• Urgent Action


May 10, 2023

Michael Tisius is scheduled to be executed in Missouri, USA, on 6 June 2023. He was sentenced to death for two murders committed on 22 June 2000. Now 42 years old, he was 19 at the time of the crime, emerging from a childhood of abuse and neglect. He has been diagnosed with neurological deficits and brain dysfunction, post-traumatic stress disorder and dependent personality disorder. Experts have concluded that an older man exploited Michael Tisius’s immaturity and psychological damage to involve him in the crime. The governor of Missouri should halt the execution and commute his death sentence.

  1. Please take action as-soon-as possible. This Urgent Action expires on June 28, 2023.
  2. Write a letter in your own words or using the sample below as a guide to one or both government officials listed. You can also email, fax, call or Tweet them.
  3. Click here to let us know the actions you took on Urgent Action 46.23. It’s important to report because we share the total number with the officials we are trying to persuade and the people we are trying to help.
Office of Governor Michael L. Parson P.O. Box 720, Jefferson City MO 65102, USA Email via: https://governor.mo.gov/contact-us/mo-governor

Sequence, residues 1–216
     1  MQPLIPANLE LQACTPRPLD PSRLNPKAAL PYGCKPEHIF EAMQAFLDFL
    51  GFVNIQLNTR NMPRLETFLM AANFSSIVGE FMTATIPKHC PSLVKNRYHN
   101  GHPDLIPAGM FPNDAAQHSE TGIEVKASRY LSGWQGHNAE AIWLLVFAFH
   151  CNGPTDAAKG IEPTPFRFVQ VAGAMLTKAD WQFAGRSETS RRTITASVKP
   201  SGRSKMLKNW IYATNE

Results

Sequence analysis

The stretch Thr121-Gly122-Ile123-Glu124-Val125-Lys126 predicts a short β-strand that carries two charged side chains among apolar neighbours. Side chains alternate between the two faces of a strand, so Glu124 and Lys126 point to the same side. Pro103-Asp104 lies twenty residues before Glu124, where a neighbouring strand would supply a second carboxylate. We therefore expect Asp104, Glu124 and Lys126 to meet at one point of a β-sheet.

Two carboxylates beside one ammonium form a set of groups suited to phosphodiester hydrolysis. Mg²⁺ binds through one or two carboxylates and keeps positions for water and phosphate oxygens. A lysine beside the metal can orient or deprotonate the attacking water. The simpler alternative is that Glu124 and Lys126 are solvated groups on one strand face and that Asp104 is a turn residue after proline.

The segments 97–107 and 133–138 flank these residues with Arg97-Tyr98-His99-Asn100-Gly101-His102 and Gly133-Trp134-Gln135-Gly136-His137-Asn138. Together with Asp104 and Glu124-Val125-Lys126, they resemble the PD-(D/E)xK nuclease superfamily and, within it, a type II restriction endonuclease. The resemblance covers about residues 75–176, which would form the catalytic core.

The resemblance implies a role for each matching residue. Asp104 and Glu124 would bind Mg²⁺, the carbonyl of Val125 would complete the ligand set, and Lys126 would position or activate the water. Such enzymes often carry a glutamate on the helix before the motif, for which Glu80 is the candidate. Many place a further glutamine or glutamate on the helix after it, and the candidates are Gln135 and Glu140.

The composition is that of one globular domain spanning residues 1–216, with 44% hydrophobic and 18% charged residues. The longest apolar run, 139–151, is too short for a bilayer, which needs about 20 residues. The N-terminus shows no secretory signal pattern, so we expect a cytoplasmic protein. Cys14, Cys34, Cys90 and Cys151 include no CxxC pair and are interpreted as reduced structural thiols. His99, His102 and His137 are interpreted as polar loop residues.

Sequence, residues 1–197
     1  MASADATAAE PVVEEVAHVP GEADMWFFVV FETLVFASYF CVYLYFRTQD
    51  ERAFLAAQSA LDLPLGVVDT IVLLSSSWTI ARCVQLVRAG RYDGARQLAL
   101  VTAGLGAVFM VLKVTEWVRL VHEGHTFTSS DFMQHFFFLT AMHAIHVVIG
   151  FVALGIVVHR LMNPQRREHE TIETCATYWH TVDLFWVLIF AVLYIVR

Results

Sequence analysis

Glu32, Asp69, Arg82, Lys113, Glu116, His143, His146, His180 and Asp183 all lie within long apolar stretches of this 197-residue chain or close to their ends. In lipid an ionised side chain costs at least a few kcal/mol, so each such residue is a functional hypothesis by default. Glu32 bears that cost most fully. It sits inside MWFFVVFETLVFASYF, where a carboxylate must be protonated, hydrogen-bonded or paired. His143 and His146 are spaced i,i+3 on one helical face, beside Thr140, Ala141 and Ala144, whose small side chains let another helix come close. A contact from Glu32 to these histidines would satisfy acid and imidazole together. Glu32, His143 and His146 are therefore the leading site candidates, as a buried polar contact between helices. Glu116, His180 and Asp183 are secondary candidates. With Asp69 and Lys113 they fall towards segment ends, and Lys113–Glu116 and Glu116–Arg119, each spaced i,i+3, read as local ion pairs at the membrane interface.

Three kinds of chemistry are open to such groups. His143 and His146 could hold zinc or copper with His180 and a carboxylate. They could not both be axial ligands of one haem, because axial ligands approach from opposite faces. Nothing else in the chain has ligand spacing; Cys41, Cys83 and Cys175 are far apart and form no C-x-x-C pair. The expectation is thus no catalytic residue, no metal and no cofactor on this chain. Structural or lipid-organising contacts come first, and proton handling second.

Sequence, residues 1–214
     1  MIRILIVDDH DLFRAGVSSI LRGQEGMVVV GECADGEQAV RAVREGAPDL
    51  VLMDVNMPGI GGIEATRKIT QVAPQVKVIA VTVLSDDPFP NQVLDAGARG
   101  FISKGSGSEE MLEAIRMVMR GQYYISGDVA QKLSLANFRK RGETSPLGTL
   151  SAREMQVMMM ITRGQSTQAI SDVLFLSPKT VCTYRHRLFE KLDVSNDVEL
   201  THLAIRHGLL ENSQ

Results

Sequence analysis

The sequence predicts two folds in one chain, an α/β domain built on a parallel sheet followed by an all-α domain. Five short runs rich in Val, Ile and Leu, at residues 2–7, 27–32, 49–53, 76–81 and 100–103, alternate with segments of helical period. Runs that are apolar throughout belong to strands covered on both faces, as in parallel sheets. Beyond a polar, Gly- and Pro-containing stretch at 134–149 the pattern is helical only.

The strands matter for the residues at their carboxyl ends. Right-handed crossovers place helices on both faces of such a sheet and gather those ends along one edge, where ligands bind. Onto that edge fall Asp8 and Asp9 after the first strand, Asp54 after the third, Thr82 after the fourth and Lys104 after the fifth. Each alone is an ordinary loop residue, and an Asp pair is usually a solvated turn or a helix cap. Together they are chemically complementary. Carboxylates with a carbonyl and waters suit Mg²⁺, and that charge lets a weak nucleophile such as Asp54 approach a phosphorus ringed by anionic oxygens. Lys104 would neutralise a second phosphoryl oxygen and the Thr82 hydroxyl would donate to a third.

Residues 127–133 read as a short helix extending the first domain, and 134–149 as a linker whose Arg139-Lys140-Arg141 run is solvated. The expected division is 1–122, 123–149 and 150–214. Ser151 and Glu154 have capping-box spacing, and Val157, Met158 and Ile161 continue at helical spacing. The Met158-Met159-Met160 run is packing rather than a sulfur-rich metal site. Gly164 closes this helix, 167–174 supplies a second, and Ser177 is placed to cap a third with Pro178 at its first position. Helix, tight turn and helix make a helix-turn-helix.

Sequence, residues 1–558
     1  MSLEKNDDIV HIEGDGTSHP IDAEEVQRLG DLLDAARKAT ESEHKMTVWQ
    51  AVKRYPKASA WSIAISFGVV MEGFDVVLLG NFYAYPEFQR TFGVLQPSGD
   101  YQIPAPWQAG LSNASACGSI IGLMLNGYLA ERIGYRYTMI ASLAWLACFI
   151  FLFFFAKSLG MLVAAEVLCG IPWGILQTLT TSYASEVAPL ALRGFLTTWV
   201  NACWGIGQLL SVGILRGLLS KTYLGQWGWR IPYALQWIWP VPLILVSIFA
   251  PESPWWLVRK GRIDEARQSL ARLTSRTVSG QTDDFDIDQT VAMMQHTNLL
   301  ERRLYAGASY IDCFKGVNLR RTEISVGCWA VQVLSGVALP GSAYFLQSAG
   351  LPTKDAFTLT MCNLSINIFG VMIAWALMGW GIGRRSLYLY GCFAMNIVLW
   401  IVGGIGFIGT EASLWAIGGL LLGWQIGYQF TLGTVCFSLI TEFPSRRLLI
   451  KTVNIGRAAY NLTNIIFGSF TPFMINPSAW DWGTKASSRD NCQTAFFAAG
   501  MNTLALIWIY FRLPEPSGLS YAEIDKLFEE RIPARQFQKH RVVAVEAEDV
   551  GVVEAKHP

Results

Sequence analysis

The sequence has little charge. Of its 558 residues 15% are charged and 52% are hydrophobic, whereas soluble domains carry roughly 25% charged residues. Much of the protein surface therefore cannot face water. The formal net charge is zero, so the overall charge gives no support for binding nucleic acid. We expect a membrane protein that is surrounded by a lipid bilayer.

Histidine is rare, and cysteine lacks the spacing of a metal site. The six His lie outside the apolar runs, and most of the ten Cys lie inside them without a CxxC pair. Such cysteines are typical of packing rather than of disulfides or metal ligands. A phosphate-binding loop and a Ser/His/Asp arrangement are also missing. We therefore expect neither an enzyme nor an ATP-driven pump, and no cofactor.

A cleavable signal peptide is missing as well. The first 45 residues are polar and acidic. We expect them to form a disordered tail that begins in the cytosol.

SAMPLE LETTER Dear Governor, Michael Tisius is due to be executed on June 6th. The crime of which he was convicted – the murder of two guards in Randolph County Jail on June 22nd, 2000 – was undoubtedly serious. I do not seek to downplay the suffering caused, but I do wish to appeal to you to stop this execution. As a 19-year-old held in jail on a misdemeanor charge, Michael Tisius shared a cell with an older man, who initiated a plan to have the teenager, after his release, facilitate the man’s escape. The plan did not involve shooting anyone, but the man’s girlfriend stole a gun and gave it to Michael Tisius to intimidate the guards. It was during a botched enactment of this plan that the two guards were shot and killed. Experts have concluded that the effects of Michael Tisius’s traumatic childhood and adolescence left him especially open to being “groomed” for the crime. Four decades ago, in a capital case, the US Supreme Court stated that “youth is more than a chronological fact. It is a time and condition of life when a person may be most susceptible to influence and psychological damage”. In 2005, banning the death penalty for people under 18 at the time of the crime, in recognition of their immaturity and vulnerability to negative influences, the Court noted that such qualities “do not disappear when an individual turns 18”. Although Michael Tisius’s resentencing lawyers presented some evidence about the neglect and abuse that marked his childhood, subsequent assessments conducted at the request of the appeal lawyers by a childhood trauma expert, a neuropsychiatrist, and a neuropsychologist, as well as a prison expert, provide a far more cohesive and compelling picture of his psychological and emotional state, and how this impacted his judgment and decision-making. In contrast to the prosecution’s assertion to the jury that the defendant’s future dangerousness made a death sentence “necessary”, a psychiatrist who has evaluated Michael Tisius over the last two decades has said that his evaluations “demonstrate the opposite of any antisocial conduct”, and that he “has made a successful transition to nonviolent living” in prison. A prison expert with decades of experience in prison management has concluded after his comprehensive review of Michael Tisius’s jail and prison records that he has displayed no violent conduct while in confinement and can be managed safely in prison. I urge you to grant Michael Tisius clemency and to commute his death sentence. Yours sincerely, [YOUR NAME] ADDITIONAL RESOURCES